The morning after …
We were awoken around 12:30 a.m. to hard, very long house shaking. It seemed to continue forever. I laid in bed waiting, and realized the ceiling fan was swaying right above my body and not stopping. Being from California and used to earthquakes, I simply shifted position over to the side of the bed while waiting it out, thinking “At least the fan is not on.” As I was snuggling back up with my pillow, my phone suddenly went off with a tsunami warning to get to higher ground. What an eerie sound.
My first ever tsunami warning alert sent a sheer motherly panic through my spine. Our home is located right off the beach. I jumped out of bed, went straight to my son Jonah’s room, saying “Tsunami warning! Get dressed. We have to go!” I threw on sweats over my pj’s. We met at the front door seconds later and drove off.
I said out loud, “What is the Tsunami route?” “I don’t know,” was Jonah’s response, “Maybe Skyline?”
I drove timidly straight to Baycrest Lookout where dozens of other vehicles joined us within minutes, all of us with our vehicles running as the temp was 19 degrees and snowing. Every vehicle had the glow of cell phones being used.
I was thankful to hear the familiar voice of Terry Rensel come over the air of our local radio station KBBI giving us updates every few minutes and also hoping he was in high enough ground himself.
At the same time our local dedicated reporters, Michael Armstrong and Megan Pacer, were posting what knowledge they had on Facebook. Talk about dedication, the two of them went straight to the newsroom to report, which is in the tsunami path. (Geez you two, I love you and your dedication, but you had me a bit worried.) Before getting these two news feeds, we had no knowledge of what was going on except for the warning.
It was soon reported the Homer High School was opened for refuge and the times the tsunami would hit Kodiak and Homer.
While searching for news of the tsunami hitting Kodiak, I found a live feed from Larry Pestrikoff of Kodiak (Thank you for that Larry!) At the same time, it seemed the whole community was up and on social media. Posts from all over Homer and Anchor Point were popping up, letting people know they will “leave the light on,” inviting anyone in need to come to the safe haven of their homes.
I waited till after 3 a.m. and the news that Kodiak did not experience a tsunami before I allowed myself to sleep.
I retreated to the warmth of my beautiful friend Deb Moseley’s home, who insisted I get my arse over there to rest and woke up this morning to hot coffee and Deb’s kids getting ready for school. The schools announced a two-hour delayed start this morning. Other than that, as I drove home I noticed the community is continuing as usual.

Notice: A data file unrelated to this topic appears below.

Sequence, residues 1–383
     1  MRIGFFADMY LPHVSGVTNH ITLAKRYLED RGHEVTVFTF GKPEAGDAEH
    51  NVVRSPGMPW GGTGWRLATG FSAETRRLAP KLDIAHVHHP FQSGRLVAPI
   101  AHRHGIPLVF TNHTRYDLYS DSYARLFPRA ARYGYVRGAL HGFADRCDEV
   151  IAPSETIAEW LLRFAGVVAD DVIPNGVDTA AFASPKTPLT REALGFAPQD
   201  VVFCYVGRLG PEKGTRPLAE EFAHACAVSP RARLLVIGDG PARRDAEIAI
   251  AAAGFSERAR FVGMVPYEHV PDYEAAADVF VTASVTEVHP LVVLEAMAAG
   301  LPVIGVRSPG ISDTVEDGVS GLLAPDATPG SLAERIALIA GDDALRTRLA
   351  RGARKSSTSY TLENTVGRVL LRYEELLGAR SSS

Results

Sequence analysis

The tsunami warning has passed and we are left with a warm sense of community, local dedication and our personal stories. Other than feeling the scare still in my bones, it’s a calm day with low tides. It was a very serious exercise that leaves us all better prepared for the worst and the knowledge we are not alone.
Vietnam vet give thanks
My name is Jim Nelson. I have lived in Homer for 25 years. I am not one to write letters like this, but I just had to say something. On Tuesday the 16th of January, I was at the post office to send a letter. I held the door open for an elderly lady, myself being 68 years old. She said, “I saw your front license plate,” and asked “Are you a Vietnam veteran?” I replied proudly, “Yes ma’am, I am. I was in the U.S. Navy for four years starting in 1967, then transferred to the U.S. Army for another 10.” She told me her son was lost in Vietnam, and then she went behind me and said, “It would be my pleasure to hold the door for you.”
I cannot tell you the pride I felt at that moment. Thank you all that support our military. God bless you all.
Homer Foundation supports Water Trail brochure
The Friends of Kachemak Bay State Park-Water Trail Committee wishes to thank the Homer Foundation and the Jenson Fund for supporting our effort to edit, update and print the 2017 version of the popular Kachemak Bay Water Trail brochure with map. The brochure identifies water trail sites, State Park trailheads and associated amenities. It is utilized by visitors and locals alike to help plan their “Adventures Beyond The End of the Road.” The brochure is distributed by the Homer Chamber of Commerce and the Islands and Ocean Visitor Center. Copies can be found at the big rock marking the Water Trail launch site by the fishing hole on the Spit. The Homer Foundation’s wide-ranging support of community projects benefits all of us and is greatly appreciated. Thank You Homer Foundation!
Dave Brann , Robert Archibald and Mako Haggerty
Friends of Kachemak Bay State Park
Kachemak Bay Water Trail Committee